Her temper was beginning to rise again at the thought that this rude and impertinent man had heard everything—heard things she now wished she had died before she ever uttered.

“Eavesdroppers—” she began furiously.

“Eavesdroppers often hear highly entertaining and instructive things,” he grinned. “From a long experience in eavesdropping, I—”

“Sir,” she said, “you are no gentleman!”

“An apt observation,” he answered airily. “And, you, Miss, are no lady.” He seemed to find her very amusing, for he laughed softly again. “No one can remain a lady after saying and doing what I have just overheard. However, ladies have seldom held any charms for me. I know what they are thinking, but they never have the courage or lack of breeding to say what they think. And that, in time, becomes a bore. But you, my dear Miss O’Hara, are a girl of rare spirit, very admirable spirit, and I take off my hat to you. I fail to understand what charms the elegant Mr. Wilkes can hold for a girl of your tempestuous nature. He should thank God on bended knee for a girl with your—how did he put it?—‘passion for living,’ but being a poor-spirited wretch—”

“You aren’t fit to wipe his boots!” she shouted in rage.

“And you were going to hate him all your life!” He sank down on the sofa and she heard him laughing.

If she could have killed him, she would have done it. Instead, she walked out of the room with such dignity as she could summon and banged the heavy door behind her.
She went up the stairs so swiftly that when she reached the landing, she thought she was going to faint. She stopped, clutching the banisters, her heart hammering so hard from anger, insult and exertion that it seemed about to burst through her basque. She tried to draw deep breaths but Mammy’s lacings were too tight. If she should faint and they should find her here on the landing, what would they think? Oh, they’d think everything, Ashley and that vile Butler man and those nasty girls who were so jealous! For once in her life, she wished that she carried smelling salts, like the other girls, but she had never even owned a vinaigrette. She had always been so proud of never feeling giddy. She simply could not let herself faint now!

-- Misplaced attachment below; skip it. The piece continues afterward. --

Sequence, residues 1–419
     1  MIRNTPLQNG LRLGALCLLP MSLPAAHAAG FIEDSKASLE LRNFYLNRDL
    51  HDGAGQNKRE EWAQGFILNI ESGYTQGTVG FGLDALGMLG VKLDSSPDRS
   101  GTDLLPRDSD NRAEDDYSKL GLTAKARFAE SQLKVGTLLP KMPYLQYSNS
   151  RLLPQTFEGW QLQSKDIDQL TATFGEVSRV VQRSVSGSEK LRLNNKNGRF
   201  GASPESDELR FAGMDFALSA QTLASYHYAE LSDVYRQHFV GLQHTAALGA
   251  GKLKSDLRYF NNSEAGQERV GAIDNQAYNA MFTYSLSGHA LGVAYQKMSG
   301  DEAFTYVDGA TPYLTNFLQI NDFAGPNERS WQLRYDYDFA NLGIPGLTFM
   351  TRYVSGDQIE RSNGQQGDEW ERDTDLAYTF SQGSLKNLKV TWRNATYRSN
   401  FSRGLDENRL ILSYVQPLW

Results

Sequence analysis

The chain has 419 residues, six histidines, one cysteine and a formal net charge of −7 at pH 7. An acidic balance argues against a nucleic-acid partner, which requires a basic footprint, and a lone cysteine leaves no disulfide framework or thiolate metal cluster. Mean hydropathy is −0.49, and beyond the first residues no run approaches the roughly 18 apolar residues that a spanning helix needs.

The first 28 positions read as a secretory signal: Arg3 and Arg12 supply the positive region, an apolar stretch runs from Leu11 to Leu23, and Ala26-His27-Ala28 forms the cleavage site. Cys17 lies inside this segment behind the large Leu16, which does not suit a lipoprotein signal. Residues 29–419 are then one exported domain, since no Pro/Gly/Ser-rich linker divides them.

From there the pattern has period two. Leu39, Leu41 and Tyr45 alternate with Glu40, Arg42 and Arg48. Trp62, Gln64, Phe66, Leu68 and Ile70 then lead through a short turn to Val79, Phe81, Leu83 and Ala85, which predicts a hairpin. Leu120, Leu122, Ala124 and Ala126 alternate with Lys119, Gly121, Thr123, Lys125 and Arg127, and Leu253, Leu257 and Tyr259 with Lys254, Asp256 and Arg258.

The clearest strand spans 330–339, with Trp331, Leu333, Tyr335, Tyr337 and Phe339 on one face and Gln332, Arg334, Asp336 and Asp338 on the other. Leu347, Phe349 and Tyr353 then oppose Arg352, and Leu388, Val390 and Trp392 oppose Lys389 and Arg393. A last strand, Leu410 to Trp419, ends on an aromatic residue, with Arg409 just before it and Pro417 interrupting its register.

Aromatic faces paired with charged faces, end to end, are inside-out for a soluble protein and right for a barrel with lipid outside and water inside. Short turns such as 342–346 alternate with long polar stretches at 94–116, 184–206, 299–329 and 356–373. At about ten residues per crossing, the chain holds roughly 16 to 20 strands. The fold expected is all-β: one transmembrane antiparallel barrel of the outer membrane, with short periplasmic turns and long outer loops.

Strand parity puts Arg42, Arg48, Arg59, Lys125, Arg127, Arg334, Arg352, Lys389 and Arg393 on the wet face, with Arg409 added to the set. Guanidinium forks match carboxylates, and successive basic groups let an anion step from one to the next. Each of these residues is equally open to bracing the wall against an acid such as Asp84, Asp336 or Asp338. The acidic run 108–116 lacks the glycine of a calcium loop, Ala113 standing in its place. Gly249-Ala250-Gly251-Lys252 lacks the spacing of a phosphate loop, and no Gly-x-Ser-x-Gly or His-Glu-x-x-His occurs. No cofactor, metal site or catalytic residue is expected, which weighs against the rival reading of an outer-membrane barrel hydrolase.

Gradually the sickening feeling began to depart. In a minute, she’d feel all right and then she’d slip quietly into the little dressing room adjoining India’s room, unloose her stays and creep in and lay herself on one of the beds beside the sleeping girls. She tried to quiet her heart and fix her face into more composed lines, for she knew she must look like a crazy woman. If any of the girls were awake, they’d know something was wrong. And no one must ever, ever know that anything had happened.